I seem to have spent my life protesting about something. Being a Midlander, grumbling is just part of normal conversation – we’ve got high standards and don’t suffer fools gladly – but doing something about it is rarer.
My very first demo was when Oswald Mosley and his blackshirts came to Birmingham in 1968, where I was a student. We thought the world had been saved from Fascism 20 years before. We were in the optimistic, more affluent 60s, studying on a grant and feeling complacent about our future prosperity. The best parties at that time were in the Catholic chaplaincy and the West Indian houses near where I lived and usually involved black people of one sort or another.
Along comes Enoch Powell and we all know what he said, and then Mosely thinks he can march through Birmingham and revive some ideas of racial purity. I went along out of curiosity. My best friend was a Polish refugee so I knew about fleeing a Europe full of ideas like his. But what surprised me was how before long I was joining in the anti-Mosely chants: “Black and white, unite and fight”.
I hated what he stood for and it was impossible to just be a bystander.
In the 70s I went to Grunwicks to support workers trade union rights. I was terrified when the police charged on us with shields and batons and I hid behind a hedge. Cowardice – but one of the few successes I took part in – not down to me!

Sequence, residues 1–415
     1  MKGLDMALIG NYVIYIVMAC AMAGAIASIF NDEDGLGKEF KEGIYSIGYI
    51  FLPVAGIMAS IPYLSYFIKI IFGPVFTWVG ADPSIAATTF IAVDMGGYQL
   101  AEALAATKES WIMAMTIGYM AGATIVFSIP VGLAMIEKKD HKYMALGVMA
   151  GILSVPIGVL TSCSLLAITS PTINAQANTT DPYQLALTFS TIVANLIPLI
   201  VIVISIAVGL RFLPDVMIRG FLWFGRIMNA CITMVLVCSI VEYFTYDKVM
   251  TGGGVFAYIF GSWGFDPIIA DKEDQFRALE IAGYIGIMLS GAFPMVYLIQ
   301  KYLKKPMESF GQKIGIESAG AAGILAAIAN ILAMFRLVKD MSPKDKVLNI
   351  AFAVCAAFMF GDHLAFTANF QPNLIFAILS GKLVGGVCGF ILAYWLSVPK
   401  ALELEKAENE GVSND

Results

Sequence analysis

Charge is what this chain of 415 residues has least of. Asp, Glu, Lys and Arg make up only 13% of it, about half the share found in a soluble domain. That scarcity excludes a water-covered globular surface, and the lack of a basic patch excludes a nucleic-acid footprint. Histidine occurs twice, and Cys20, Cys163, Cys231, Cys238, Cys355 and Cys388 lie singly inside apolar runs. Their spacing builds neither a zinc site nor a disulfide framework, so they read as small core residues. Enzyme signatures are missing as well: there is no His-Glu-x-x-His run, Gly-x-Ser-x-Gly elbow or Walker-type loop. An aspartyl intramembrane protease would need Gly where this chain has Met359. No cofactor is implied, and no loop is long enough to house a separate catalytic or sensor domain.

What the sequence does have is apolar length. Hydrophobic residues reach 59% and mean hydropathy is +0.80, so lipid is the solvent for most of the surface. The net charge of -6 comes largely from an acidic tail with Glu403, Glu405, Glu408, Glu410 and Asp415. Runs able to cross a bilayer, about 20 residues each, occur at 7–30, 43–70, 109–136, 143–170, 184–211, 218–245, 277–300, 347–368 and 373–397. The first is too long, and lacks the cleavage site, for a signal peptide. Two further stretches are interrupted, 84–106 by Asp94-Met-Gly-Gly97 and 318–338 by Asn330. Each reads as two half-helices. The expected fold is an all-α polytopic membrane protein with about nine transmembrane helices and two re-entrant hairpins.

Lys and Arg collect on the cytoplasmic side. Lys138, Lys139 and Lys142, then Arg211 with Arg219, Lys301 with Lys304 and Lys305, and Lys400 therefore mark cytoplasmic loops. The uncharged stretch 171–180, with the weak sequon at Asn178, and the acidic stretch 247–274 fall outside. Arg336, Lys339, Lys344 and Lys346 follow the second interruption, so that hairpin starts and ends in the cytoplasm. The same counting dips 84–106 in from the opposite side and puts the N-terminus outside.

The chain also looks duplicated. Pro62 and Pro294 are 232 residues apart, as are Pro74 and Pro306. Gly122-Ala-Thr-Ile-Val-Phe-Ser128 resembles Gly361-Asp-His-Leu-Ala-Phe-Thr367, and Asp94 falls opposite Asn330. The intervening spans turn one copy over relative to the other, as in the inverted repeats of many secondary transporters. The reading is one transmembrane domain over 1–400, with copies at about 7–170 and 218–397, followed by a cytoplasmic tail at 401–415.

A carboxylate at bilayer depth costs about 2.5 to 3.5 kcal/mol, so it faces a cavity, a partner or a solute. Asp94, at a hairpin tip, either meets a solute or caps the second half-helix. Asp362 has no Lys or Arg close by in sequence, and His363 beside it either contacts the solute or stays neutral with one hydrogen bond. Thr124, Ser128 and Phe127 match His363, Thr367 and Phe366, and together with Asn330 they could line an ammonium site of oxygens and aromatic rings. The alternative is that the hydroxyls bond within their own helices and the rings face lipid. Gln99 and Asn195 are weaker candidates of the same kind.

Ever since I’ve reluctantly taken to the streets to show how I feel about things I hate. But I’ve failed a lot! Me and two million other people marched through London to stop the Iraq war. We failed.
More recently I stood in Trafalgar Square with several hundred thousand others – sweating into our placards in our desperately hot summer – to show Trump we didn’t want him here. More failure!
Last Saturday I stood outside our hospital to make a last ditch attempt to change the minds of our powers that be in the NHS and persuade them to not send our stroke services to Ashford. We were “consulted”, and we told them it was an hour to get to Ashford while our brains died in an ambulance. But when the results of the consultation came out we were told we didn’t matter!
North Kent will get a better chance of surviving a stroke and that’s where the fancy new equipment and experts will go. Our excellent QEQM stroke unit will close.
Even Craig Mackinlay, our seldom seen MP, has changed his mind and is now supporting the stroke unit staying at QEQM, so now he has to persuade his government to put money where his mouth is!
This time I really don’t want to fail. It’s too important! We’ve had our first response to the consultation and the next is a public meeting on October 17 at The Red Hall, 11 Grosvenor Rd, Broadstairs at 6pm.